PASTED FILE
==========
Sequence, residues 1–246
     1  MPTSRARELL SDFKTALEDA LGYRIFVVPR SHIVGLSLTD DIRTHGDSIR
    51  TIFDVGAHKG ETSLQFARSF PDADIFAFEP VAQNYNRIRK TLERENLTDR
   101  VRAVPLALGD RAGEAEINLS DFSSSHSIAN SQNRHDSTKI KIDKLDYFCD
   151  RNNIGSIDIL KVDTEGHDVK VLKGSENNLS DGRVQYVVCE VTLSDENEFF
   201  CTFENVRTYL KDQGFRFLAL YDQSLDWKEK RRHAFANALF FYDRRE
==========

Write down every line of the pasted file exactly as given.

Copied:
Sequence, residues 1–246
     1  MPTSRARELL SDFKTALEDA LGYRIFVVPR SHIVGLSLTD DIRTHGDSIR
    51  TIFDVGAHKG ETSLQFARSF PDADIFAFEP VAQNYNRIRK TLERENLTDR
   101  VRAVPLALGD RAGEAEINLS DFSSSHSIAN SQNRHDSTKI KIDKLDYFCD
   151  RNNIGSIDIL KVDTEGHDVK VLKGSENNLS DGRVQYVVCE VTLSDENEFF
   201  CTFENVRTYL KDQGFRFLAL YDQSLDWKEK RRHAFANALF FYDRRE